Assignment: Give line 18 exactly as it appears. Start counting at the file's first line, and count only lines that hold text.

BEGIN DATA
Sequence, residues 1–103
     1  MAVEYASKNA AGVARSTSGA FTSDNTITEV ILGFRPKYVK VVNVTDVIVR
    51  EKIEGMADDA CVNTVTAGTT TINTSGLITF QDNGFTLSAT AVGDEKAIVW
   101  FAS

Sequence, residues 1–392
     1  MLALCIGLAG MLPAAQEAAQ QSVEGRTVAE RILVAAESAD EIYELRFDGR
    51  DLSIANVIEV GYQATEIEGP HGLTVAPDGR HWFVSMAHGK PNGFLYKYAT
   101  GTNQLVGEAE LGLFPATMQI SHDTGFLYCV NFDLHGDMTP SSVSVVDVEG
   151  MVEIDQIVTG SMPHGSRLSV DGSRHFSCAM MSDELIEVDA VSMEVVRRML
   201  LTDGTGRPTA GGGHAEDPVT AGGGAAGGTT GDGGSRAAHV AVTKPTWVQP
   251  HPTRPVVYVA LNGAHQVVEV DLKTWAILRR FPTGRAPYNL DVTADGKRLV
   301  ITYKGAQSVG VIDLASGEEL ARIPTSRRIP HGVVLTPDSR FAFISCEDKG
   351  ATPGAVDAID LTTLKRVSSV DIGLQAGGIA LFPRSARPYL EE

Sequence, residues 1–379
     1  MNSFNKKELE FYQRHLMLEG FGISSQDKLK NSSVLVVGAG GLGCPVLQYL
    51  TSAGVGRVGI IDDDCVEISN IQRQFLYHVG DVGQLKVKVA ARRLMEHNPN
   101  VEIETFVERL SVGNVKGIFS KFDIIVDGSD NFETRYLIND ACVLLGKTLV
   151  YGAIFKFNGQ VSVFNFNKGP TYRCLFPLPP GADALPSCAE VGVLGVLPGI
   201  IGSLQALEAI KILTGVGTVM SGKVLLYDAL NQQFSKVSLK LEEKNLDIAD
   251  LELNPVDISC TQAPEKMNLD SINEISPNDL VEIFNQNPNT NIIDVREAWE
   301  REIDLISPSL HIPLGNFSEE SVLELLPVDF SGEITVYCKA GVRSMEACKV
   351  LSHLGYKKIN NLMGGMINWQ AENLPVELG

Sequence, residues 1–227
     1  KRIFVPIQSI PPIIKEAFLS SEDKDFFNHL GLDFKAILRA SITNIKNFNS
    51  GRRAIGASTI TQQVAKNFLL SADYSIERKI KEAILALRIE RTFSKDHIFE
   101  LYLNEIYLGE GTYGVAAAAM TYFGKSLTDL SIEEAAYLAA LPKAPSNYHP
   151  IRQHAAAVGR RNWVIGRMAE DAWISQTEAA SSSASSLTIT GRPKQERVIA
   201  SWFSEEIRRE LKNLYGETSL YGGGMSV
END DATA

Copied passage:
   151  YGAIFKFNGQ VSVFNFNKGP TYRCLFPLPP GADALPSCAE VGVLGVLPGI